After six months imprisoned by the Japanese, seven American journalists are now reported safe in the Allied territory of Portuguese East Africa due to a successful prisoner exchange orchestrated by the United States.
New York Times correspondent Otto D. Tolischus, who was stationed in Tokyo at the time of the Pearl Harbor attack, was one of the seven jailed Americans. He recalled how he was welcomed on the morning of Dec. 8 by four police officers barging into his bedroom with the orders: “Put on your coat; the procurator wants to see you.”
He was placed in prison with six other American reporters under the charges of espionage and violation of the National Defense Act. Unaware of the bombing of Pearl Harbor, the prisoners had no idea this was Japanese reaction to the immediate threat of war with the U.S.
“We were held in solitary confinement under severest conditions of hardship,” Tolischus reported. One of his fellow prisoners, he said, was spared no brutality because she was female. “Miss Targall was tied up and handcuffed when she was arrested and was repeatedly slapped until her face was cut.”
These U.S. citizens were soon prisoners of war. They were all held in one dark cell approximately 5 ½ by 9 feet, with one tiny window. With no heat, the winter was brutal, and the prisoners had to keep moving constantly in order to fight off pneumonia. Even with layers of clothes, the captives felt as if they would freeze if they sat down for even a moment.
“For four days early in January I was forced to squat for hours while four policemen slapped my face, kicked me and made feints at strangling me until my knees were covered with open wounds and I was a physical wreck,” Tolischus explained.
Although they were promised American food, they were fed Japanese cuisine the entire first month—and because he was not accustomed to that amount of fish, Tolischus claimed he was unable to eat. Eventually the prisoners were able to convince the guards to give them rotten fruit, which suited them better than the decaying fish they were originally being offered.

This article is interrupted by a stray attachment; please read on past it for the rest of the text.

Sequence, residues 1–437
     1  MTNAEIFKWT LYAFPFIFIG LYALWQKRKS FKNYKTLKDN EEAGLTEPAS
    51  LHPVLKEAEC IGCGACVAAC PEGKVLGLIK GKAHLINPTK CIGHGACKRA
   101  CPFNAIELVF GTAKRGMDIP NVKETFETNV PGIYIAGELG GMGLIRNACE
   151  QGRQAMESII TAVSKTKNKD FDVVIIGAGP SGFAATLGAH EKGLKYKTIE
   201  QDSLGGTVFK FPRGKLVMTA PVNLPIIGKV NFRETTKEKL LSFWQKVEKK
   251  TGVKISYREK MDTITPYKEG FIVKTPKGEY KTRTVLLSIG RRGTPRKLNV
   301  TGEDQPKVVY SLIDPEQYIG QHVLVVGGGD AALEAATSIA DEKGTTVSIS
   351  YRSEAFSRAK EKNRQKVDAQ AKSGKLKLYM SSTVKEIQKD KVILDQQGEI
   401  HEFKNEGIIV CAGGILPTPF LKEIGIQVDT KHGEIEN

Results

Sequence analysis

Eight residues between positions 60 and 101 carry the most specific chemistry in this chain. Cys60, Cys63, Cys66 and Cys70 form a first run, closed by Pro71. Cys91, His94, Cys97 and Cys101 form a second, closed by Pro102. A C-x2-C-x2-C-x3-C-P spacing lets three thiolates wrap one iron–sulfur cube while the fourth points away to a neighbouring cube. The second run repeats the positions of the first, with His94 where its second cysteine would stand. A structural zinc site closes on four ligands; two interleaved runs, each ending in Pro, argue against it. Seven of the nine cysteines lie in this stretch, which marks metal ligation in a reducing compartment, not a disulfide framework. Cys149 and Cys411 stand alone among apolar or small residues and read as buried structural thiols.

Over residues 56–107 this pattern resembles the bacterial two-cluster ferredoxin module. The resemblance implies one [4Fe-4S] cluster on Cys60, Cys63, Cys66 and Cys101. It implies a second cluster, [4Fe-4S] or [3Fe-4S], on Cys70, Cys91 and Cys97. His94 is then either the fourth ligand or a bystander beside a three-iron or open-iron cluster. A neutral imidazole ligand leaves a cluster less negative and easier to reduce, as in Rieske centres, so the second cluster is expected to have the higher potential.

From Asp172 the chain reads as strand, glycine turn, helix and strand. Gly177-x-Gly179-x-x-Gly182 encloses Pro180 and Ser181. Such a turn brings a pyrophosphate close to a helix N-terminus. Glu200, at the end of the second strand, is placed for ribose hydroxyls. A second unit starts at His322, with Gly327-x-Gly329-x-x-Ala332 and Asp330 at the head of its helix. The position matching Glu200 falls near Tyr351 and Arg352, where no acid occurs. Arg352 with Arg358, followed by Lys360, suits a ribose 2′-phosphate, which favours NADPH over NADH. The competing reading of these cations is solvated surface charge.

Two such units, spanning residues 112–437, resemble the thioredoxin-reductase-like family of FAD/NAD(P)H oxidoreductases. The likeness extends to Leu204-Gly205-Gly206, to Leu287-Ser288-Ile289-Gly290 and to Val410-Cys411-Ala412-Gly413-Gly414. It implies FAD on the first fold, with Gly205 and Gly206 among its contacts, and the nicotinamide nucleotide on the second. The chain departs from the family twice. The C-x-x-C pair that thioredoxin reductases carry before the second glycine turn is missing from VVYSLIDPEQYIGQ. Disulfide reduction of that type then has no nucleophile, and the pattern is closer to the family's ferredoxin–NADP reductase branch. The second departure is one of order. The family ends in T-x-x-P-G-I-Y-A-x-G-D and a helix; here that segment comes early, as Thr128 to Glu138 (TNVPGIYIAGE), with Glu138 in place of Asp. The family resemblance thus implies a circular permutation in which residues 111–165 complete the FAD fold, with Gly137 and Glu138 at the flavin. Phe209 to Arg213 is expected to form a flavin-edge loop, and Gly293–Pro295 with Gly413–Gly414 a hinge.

Bathing opportunities were available via one common bath for all prisoners captured by the Japanese. After two months of imprisonment, negotiations started between Japan and the U.S. in order for the American reporters to be returned home.
Finally on June 17, the seven prisoners attained freedom when boarding the Asama Maru. These survivors were only a few of the prisoners in Japan who managed to escape with their lives. The long journey to freedom gave Tolischus a chance to learn more of the other escapees’ stories of imprisonment.
A bank employee named Thomas Potter Davis Jr. was continuously assaulted by his guards—policemen flipped over his chair and pressed their weight on him, and hit him with his own shoes.
An oil-company representative, Clarence E. Meyer, was mentally tortured to the point of a nervous breakdown, at which point his guards slapped on handcuffs instead of trying to help him. He suffered for a week, unable to even remove his clothes.
Three U.S. missionaries were captured in Japanese-controlled Korea and tossed into a cell with 22 other prisoners—it was crowded to the point that they could not all sit down at once. The Japanese would beat them with rubber hoses and force water down their throats.
While these reports do not come as a surprise, it brings to light the atrocities occurring to U.S. civilians trapped on Japanese soil. Not every prisoner can be returned via an exchange. Winning the war is the only way to ensure the safe return of those being tortured and even killed at the hands of the Japanese.
They Saw the Japs. (1942, August 3). TIME, 40(5), 16.
Tolischus, O. D. (1942, August 15). Japanese ‘Justice’ Reverts to Reign of Terror. New York Times, p. 4.